In the same way, my model of the spectator is agnostic about how the processes are instantiated in physical stuff. Doubtless retinas and neurons and inner ears and the nervous system are involved, but I’m not providing the details. I have no idea how to do so. Maybe we should think of the mind as having a core-periphery topography with outward-facing systems (the senses) as discrete modules picking up data while “central systems” supply the top-down treatment. Or maybe the mind is just a tangle of wetware, wires running all over the place, with “higher” functions jammed against, or crisscrossing “lower” ones.

I leave sorting all that out to the experts. But in terms of functions, I think it’s fair to say that most psychologists let the bottom-up/top-down metaphor capture distinct sorts of activities, however they are manifested in our senses, brains, and nervous systems.

More controversial is my argument that these activities are inferential in nature. This signals my commitment to New Look thinking, the early cognitive trend launched by Jerome Bruner, R. L. Gregory, Noam Chomsky et al. Computational models of mind emerged from this research. Nobody doubts that in the comprehension and appropriation phases, inferences are involved. Understanding a story or interpreting a movie as sexist clearly relies on inferences, “going beyond the information given.” The tougher controversy comes with perception.

Following Helmholtz, who believed that perception was “unconscious inference,” the information-processing perspective holds that perception is inference-like. It is defeasible. My eyes can fool me, as with mirages and the bent-looking stick in the pond. This is one reason New Look psychology is interested in illusions.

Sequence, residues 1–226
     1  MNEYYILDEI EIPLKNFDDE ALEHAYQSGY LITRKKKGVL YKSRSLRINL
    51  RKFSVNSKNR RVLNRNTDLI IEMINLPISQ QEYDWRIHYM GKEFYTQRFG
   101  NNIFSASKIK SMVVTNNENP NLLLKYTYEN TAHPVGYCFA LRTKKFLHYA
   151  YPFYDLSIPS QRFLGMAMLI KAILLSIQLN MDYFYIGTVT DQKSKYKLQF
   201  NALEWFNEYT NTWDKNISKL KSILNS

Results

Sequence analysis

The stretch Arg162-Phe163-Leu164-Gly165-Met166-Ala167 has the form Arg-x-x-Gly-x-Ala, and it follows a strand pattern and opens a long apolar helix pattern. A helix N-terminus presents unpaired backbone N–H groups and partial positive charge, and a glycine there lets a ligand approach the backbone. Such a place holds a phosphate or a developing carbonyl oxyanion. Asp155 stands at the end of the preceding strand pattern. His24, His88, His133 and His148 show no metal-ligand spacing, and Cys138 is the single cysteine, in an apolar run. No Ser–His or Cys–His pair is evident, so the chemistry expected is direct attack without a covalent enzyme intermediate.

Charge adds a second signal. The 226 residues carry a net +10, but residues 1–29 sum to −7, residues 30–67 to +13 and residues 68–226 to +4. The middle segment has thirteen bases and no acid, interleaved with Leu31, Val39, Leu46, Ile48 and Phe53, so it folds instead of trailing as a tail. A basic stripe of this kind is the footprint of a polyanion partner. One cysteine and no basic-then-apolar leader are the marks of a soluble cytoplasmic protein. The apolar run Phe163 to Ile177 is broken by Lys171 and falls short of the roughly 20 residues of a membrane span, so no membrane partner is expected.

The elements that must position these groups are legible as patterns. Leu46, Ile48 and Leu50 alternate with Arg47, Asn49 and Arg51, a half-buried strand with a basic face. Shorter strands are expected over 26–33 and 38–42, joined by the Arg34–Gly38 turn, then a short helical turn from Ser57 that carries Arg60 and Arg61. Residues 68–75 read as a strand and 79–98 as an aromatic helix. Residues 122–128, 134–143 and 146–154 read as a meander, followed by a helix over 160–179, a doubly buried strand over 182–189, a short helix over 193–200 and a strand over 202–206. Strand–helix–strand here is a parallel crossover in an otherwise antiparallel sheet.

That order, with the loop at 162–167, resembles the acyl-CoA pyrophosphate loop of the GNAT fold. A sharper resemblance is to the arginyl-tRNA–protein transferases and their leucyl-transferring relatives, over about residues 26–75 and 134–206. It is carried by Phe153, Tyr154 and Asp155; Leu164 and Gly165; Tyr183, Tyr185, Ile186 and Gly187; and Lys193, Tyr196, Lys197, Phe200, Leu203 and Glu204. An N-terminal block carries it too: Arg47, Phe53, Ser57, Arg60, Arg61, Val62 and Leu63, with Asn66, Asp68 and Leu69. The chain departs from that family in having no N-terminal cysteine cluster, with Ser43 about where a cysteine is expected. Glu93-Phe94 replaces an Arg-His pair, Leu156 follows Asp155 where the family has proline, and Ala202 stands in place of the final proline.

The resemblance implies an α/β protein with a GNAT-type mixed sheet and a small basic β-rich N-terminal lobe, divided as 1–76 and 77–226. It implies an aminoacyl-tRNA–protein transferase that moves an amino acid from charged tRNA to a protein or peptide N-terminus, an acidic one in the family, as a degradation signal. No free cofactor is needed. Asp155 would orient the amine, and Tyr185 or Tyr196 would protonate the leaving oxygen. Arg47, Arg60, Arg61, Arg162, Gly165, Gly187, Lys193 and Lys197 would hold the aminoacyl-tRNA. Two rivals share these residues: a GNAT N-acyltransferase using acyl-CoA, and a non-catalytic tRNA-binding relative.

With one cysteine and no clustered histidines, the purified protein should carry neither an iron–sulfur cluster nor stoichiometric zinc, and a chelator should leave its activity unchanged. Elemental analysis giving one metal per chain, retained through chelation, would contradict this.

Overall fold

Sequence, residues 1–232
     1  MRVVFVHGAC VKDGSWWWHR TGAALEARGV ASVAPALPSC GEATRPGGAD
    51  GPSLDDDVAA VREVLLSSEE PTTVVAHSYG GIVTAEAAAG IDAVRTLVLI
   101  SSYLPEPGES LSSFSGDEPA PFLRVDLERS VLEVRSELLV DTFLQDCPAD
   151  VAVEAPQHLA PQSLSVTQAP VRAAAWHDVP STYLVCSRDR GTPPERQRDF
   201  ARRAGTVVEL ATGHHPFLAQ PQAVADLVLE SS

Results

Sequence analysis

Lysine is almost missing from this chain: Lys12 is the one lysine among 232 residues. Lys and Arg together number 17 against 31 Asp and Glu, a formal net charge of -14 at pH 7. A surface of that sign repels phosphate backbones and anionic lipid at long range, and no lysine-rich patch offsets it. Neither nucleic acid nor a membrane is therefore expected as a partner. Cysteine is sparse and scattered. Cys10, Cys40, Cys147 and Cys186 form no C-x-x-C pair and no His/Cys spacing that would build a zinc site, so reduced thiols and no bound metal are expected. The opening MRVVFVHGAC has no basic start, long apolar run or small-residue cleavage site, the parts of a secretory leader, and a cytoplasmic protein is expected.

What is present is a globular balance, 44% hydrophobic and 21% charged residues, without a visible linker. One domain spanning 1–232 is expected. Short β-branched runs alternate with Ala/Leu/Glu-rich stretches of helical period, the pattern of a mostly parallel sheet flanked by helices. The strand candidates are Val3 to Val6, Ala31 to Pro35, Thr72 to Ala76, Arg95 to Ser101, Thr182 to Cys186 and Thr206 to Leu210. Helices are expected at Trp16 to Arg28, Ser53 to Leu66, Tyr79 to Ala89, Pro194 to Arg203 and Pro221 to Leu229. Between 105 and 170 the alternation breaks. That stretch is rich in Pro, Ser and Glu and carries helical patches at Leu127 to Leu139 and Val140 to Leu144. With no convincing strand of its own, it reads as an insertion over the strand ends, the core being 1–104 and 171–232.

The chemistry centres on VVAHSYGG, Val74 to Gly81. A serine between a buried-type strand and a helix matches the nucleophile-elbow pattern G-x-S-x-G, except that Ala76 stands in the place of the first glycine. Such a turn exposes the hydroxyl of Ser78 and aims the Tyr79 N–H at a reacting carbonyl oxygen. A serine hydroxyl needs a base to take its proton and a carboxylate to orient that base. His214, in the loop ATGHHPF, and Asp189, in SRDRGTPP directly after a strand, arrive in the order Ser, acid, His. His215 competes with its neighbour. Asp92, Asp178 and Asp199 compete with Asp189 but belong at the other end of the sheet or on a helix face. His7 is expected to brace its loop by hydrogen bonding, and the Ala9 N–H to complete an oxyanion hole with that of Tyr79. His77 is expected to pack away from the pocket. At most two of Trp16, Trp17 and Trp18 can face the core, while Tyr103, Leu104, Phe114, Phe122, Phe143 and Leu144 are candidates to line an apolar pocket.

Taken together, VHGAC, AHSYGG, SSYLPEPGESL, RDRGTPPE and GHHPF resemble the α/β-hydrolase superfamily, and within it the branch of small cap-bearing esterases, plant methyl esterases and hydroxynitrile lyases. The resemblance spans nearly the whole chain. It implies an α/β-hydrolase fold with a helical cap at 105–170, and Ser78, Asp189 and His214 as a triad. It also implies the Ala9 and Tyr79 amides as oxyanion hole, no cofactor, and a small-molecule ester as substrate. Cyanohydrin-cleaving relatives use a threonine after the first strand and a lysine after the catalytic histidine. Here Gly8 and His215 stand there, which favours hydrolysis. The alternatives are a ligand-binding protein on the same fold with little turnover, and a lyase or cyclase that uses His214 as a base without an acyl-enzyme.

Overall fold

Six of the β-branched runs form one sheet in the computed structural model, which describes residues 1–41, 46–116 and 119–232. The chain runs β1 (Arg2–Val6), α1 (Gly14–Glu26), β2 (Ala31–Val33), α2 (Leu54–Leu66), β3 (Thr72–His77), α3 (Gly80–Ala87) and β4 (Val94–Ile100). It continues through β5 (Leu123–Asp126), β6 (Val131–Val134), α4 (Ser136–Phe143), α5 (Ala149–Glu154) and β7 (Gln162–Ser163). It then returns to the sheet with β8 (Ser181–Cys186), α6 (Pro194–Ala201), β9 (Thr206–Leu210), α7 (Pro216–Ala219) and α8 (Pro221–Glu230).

Moreover, perception operates with assumptions, just as inferences do. Many perceptual assumptions may not be learned but rather “innately specified” to some degree–that is, as presets. It seems, for instance, that we are evolutionarily “wired” to expect light to come from above. It’s also very advantageous for us to be able to separate figure from ground and tell living things from nonliving ones. These basic perceptual acts are funded not only by experience but by presets that steer us in a certain direction. No blank slate here; lots of veins and grooves. And given that we enter a structured ecosystem at birth, rich and flexible innate  dispositions can be tuned to information pickup during a critical period. Babies learn fast because they’re primed to set the switches.

This perspective is usually contrasted with the view that holds that perception is “direct.” Most famously, J. J Gibson held that “the information is in the light.” Thanks to evolution and our mobility as creatures, we don’t need any elaborate inferential activity. The input is so redundant that we reliably detect the features of the environment automatically.

I think that the Embodied Cognition theorists are somewhat akin to Gibson in their belief in minimally mediated sensory pickup. Admittedly, though, as Gregory Hickok suggests in The Myth of Mirror Neurons, the Embodied Cognitivists do seem to have a computational side in treating mirror neurons as supplying “representations.” And one strain of Embodied Cognition, identified with George Lakoff and Mark Johnson, denies the inferential and computational model but still adheres to conceptual schemes (like metaphors) as representations of bodily experience. So some categorical, mediating inferences seem to play a role.

The next section discusses how New Look thinking can help us understand visual arts. My comments target two essays in the 1973 collection Illusion and Nature and Art: R. L. Gregeory’s “The Confounded Eye” and E. H. Gombrich’s “Illusion and Art.”

 

Gregory, Gombrich, and art

The Penrose steps.

New Look psychologist Sir Richard Gregory (lower right) was a passionate connoisseur of illusions like the Penrose stairsteps. He was famous for pushing the cognitive model of inference-making very far, deep into the basics of perception. He saw perceptions as the usually reliable results of assumptions and hypotheses, in a process significantly similar to what scientists do when they launch hypotheses and check for confirmation. For a career overview, go here.

I take it that he’s trying to answer the question: What perceptual processes generate visual illusions? We evolved to pick up accurate information from the environment, and normally our perception is accurate. The obvious problem with illusions is that they yield false information. What has fooled our eye?